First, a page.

“We’re only going to invoke the rule when there is an obvious flop in the last two minutes of the fourth quarter,” he said.

Cannon acknowledged some legitimate concerns from players. What happens if players want to experiment? What happens if someone is picking a strange lineup to keep cards close to the chest, and not blow a secret technique? What if people just want to have a little bit of fun?

Snyder had a perfect example. At the Oceanside Fight Club tournament in San Diego this past weekend, he was pitted against Connor “PermaVermin” O'Neill, a notoriously difficult player who often employs strange teams. Snyder added Dormammu from Ultimate Marvel vs. Capcom 3 to his lineup, a tournament first and an unexpected move. Remember, this would usually constitute a red flag for possible collusion. The commentators were confused during the match, publicly wondering why Snyder went with Dormammu.

“Because I was winning they thought that perhaps I was showing off,” he said. “The ‘c-word’ even got floated out there during the set.”

Since he won all three rounds, though, nothing came of it.

What happened? Snyder showed up early to the tournament, and was playing casually with O'Neill. None of Snyder’s usual tactics were getting him anywhere, so he randomly picked Dormammu. Bingo. O'Neill was thrown off his game, and Snyder kept this in mind for later.

“It's only because I won the set that this pick doesn't look fishy,” said Snyder. “ [...] What if instead of winning 3-0, I lost 3-0? People would be able to point to those mistakes to say that I didn't know what I was doing with that character and that I threw the set. The intent and reason for picking that character and that team would have been the same either way; good results made me look smart whereas bad results would have made me look like a match fixer.”

Even with this in mind, Snyder thinks the rule is right, just one that should be exercised with caution. Good intentions often have unexpected consequences, and you can’t control everything. It is, in the end, subjective.

One possible wrinkle comes from international tournaments, which Cannon and others have less control over. Everyone I spoke to assumed the the world would follow their lead, not wanting to be left behind. One place it won’t have any impact, though, is competitive play in Japan, as there no money prizes for legal reasons.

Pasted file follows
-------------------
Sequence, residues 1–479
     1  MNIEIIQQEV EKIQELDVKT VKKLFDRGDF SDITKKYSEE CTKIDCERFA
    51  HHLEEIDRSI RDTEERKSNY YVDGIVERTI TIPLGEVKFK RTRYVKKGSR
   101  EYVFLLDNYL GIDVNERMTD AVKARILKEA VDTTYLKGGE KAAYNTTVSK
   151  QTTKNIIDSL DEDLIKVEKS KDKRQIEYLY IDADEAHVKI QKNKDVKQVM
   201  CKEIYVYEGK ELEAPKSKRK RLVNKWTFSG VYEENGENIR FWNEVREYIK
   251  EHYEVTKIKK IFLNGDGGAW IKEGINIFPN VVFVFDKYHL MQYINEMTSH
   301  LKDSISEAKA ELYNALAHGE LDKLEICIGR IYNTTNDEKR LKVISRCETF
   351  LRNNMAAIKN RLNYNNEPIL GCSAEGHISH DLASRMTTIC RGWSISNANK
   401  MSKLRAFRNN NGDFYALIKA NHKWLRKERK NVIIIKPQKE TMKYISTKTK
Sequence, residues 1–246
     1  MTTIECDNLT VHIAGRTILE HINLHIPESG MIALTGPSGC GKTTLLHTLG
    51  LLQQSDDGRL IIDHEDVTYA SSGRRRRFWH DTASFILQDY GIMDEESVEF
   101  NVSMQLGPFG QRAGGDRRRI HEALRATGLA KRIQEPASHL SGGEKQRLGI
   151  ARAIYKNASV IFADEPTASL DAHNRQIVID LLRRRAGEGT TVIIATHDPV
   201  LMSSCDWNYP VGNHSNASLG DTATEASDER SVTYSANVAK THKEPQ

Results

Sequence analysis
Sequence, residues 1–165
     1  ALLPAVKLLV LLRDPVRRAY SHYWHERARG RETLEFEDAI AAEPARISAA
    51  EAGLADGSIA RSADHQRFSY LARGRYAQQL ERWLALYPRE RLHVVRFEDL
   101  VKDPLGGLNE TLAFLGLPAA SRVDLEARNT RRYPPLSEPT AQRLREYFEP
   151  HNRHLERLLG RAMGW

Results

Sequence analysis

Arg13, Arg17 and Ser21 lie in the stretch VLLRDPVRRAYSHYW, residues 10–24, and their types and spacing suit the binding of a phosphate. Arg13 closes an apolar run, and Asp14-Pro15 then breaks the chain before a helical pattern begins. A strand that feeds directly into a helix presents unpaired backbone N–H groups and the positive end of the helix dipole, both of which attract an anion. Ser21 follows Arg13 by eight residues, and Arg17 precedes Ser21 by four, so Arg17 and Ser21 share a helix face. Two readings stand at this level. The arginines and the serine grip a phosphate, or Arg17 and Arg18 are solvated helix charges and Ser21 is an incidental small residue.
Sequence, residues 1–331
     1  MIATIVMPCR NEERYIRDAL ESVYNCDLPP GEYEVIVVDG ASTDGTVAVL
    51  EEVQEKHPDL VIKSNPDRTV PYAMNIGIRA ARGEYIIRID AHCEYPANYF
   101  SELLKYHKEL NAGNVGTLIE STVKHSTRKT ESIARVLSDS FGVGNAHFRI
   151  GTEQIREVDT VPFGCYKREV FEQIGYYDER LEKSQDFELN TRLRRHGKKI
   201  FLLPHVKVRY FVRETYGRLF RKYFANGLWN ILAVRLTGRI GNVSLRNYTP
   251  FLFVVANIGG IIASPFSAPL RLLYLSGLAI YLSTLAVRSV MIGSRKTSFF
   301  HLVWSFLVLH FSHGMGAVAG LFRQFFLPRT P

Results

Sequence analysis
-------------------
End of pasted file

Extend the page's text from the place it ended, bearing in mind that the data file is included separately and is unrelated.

“The only thing to play for is, in Japan, is for pride,” said Cannon.

If Cannon and others gets their way, that’ll be a big reason the rest of the world plays, too.

Patrick Klepek on Google+
163 Comments
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Posted by MrMazz

good stuff

Posted by Fredchuckdave

@mnzy: It's spelled "RONG"

Edited by CountRockula

This is a great piece of work. Nice job, Patrick.

Posted by Skooky

This article is like a hundred billion times better because you talked to Viscant.

Posted by TimeFugitive

Great read, I love reading about the fighting scene...even though I am no part affiliated with it.

Edited by FLStyle

@starvinggamer said:

As a member of the FGC, I found very little in this article to be condescending or offensive. Good job!

Phew! While I will always write about what I want to write about and how I want to write about it, I did take the accusations of sensationalization from my Aris story last year seriously. (For the record, I don't regret reporting that story at all.) My big takeaway was being deliberate and careful when covering communities that I'm unfamiliar with and not a part of, and tried really hard to make that apparent in this story.

As you shouldn't regret the Aris story, it was absolutely something that needed to be reported. Had you the foresight of those takeaways before you wrote the Aris story you wouldn't have gotten the response it got from me and many others.

Congrats on the positive reaction, your articles continue to improve.

Posted by Sammo21

Maybe if they didn't have any money involved in this at all it would be different. Take the money out and then there is nothing to get corrupt over, right?

Posted by development

@mnzy said:

@kaigan said:

FGC? More like WGC!

It stands for Worst Gaming Community.

I'm clever.

And wrong.

it sure as hell ain't the BGC

...Baldur's Gate Community?

Edited by tourgen

Here come the money. Time to scrub out all the interesting stories and fun. Got to get this shit presentable and marketable to the largest audience of lazy assholes possible.

Posted by Gold_Skulltulla

I agree that cracking down on collusion is a good idea here in general, but I do see the move mainly benefiting corporate interests at the possible expense of replacing smaller, more localized traditions. I actually thought it was kind of cool that the top players were close friends and willing to share with one another. Now, if I was watching the fights, I'd probably prefer to see a top-tier throwdown instead of a handshake, but still, I think pot-splitting at least shows community spirit.